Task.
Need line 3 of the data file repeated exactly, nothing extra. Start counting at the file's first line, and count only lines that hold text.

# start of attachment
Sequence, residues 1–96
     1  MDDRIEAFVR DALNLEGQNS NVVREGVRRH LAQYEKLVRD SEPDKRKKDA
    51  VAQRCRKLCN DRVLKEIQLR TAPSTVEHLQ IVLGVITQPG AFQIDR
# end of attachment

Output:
    51  VAQRCRKLCN DRVLKEIQLR TAPSTVEHLQ IVLGVITQPG AFQIDR